Monday, 10 October 2011

Power Gardening

Power Gardening
My September was a month dominated by 18th century gardens. A lot of time was spent admiring very different landscapes over a variety of ha-has. I arrived at the AGT conference at Worcester College in Oxford, fresh from a few days in the Landmark Trust’s late 18th century folly, Clytha Castle in Monmouthshire. Built by William Jones in 1790 in memory of his wife, it is just as perfect for an escape from the world today as it was for his contemporaries.   
Orchard at Worcester College, Oxford
The subject of the AGT conference (organised this year by Oxfordshire Gardens Trust) was ‘Power Gardening’. First on the list of visits was Blenheim – a landscape which shouts power with a big ‘P’.  Rousham, Shotover and Heythorpe completed the quartet, perfectly illustrating the transition towards Arcadian informality. I’ve no idea how many times I’ve visited Rousham.  Not only is it a particular personal favourite, but it was essential viewing for those of us who read Garden History at Bristol.  Nevertheless, as is the case with all great gardens (or perhaps any garden), there is always more to learn and alternative interpretations to consider. It was a well-organised weekend that managed to be both thought-provoking and fun.
On the subject of ‘thoughts,’ it was suggested during the Oxford-based AGM that the Gardens Trusts cost very little to join – that our membership fees are low in comparison to those of other similar organisations.  The question raised was ‘are we selling ourselves too cheaply?’   I heard a similar point being made at a recent horticulture conference. Do we gardeners underestimate the value of our efforts and the importance of what we do? Is there a danger that if we don’t appear to value our organisation highly then people will assume that we aren’t worth joining? Or, in the current economic climate are these questions impossible to answer?
A 19th century landscape, Brookwood Cemetery in Woking, was the subject of a September Study Day organised by the AGT, Surrey GT and the Garden History Society. Brookwood is the largest cemetery in England.  It was laid out and planted according to JC Loudon’s principles, at a time when the volume of London’s dead was causing concern. A special station was built near Waterloo to carry funeral parties to Brookwood on a daily basis. A fascinating morning of presentations by excellent speakers was followed by one of the wettest landscape viewings I’ve ever experienced – and there have been a few.  Despite the rain, wind, thunder and lightning it was impossible not to be wowed by the sheer scale of the place. The Military Cemetery was particularly impressive. If you are in the area, it is worth exploring.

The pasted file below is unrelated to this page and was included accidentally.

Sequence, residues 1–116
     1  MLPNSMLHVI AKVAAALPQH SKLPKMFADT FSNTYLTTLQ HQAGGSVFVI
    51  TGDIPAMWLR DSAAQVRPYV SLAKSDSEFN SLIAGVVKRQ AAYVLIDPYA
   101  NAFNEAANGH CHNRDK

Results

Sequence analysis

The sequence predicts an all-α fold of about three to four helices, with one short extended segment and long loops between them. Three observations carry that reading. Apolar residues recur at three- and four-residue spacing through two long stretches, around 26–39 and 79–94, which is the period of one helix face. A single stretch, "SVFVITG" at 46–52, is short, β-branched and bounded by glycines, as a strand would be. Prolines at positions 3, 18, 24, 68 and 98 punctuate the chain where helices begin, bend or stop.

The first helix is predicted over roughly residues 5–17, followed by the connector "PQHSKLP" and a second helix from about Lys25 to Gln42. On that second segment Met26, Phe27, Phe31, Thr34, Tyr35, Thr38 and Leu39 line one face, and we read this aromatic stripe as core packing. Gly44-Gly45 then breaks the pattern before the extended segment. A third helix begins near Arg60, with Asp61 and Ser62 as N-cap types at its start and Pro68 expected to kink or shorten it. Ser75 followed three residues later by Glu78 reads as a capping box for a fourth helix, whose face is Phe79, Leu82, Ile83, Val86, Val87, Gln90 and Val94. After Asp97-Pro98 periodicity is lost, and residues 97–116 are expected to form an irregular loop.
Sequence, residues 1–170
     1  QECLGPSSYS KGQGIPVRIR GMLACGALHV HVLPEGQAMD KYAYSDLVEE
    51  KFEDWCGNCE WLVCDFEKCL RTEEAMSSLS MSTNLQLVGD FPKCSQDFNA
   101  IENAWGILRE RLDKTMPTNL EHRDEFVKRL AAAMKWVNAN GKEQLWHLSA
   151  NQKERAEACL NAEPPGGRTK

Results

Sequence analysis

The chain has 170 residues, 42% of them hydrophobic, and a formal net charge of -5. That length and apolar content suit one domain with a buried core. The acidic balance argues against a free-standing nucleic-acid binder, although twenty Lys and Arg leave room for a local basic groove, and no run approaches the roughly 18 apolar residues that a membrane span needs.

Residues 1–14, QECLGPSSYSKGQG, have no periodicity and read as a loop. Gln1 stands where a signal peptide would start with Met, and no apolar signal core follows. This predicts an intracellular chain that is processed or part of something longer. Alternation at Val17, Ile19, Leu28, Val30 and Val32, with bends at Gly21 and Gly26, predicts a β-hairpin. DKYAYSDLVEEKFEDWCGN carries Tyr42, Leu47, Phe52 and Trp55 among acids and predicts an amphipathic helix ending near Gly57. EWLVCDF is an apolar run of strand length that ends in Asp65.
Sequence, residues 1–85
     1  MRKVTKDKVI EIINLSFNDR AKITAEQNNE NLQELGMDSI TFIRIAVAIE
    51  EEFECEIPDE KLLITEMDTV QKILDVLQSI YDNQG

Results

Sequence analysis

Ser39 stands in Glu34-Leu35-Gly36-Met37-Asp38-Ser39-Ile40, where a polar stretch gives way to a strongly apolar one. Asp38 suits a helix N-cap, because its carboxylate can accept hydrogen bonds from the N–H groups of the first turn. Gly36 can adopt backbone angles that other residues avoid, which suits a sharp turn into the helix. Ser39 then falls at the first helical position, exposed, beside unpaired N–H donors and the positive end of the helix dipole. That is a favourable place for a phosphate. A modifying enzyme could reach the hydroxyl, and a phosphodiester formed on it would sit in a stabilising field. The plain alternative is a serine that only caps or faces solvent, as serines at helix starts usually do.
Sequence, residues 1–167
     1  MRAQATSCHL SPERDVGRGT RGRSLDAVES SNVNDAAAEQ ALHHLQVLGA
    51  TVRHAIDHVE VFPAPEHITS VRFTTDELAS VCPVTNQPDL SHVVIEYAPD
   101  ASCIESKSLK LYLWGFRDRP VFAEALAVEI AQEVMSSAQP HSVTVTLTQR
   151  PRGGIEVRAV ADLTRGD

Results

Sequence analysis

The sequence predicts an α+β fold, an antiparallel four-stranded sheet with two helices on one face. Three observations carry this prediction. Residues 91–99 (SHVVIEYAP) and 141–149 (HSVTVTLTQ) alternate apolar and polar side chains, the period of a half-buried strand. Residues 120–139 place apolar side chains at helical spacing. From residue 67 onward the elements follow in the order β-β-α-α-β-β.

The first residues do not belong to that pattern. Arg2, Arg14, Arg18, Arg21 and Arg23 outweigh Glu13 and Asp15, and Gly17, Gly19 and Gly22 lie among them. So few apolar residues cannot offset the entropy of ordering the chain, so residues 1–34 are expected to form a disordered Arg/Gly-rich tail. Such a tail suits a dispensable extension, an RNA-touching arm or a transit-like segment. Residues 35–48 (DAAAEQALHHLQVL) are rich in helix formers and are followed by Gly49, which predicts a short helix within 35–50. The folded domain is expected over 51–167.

A visit to South Hill Park in Bracknell took me smartly back to the 18th century again. The day was organised by Berkshire Gardens Trust and the Landscape Institute South East.  South Hill Park is a vibrant arts centre which I use regularly so I was particularly keen to hear about its history and the Heritage Lottery funded restoration that is nearing completion there.
It is one of just two houses in Berkshire that were built by an Indian Nabob.  Today, at least one third of its park has been developed. Its ice-house and its impressive cedars are surrounded by a housing estate and a road cuts the park into two halves. Until recently, the management of the surviving sections of the estate was divided between seven different regimes.  It is little wonder that the house had lost any real sense of its 18th century grandeur. 
Partly as a result of the modern housing estates that surround it, South Hill Park is even more a public space than the grounds of the recently restored Chiswick House.  Graffiti and vandalism will always be a possibility. Rather than attempting to shut the public out, the management are taking a very up-beat and inclusive approach. So far, the results have been encouraging.     
After a hectic few weeks of meeting deadlines, the month is ending as it started. I’ll be spending a couple of days in another 18th century Landmark Trust property – the Gothic Temple at Stowe. Apparently there’s an owl hidden somewhere in the domed ceiling of the James Gibbs designed tower. If I find it, I’ll let you know.

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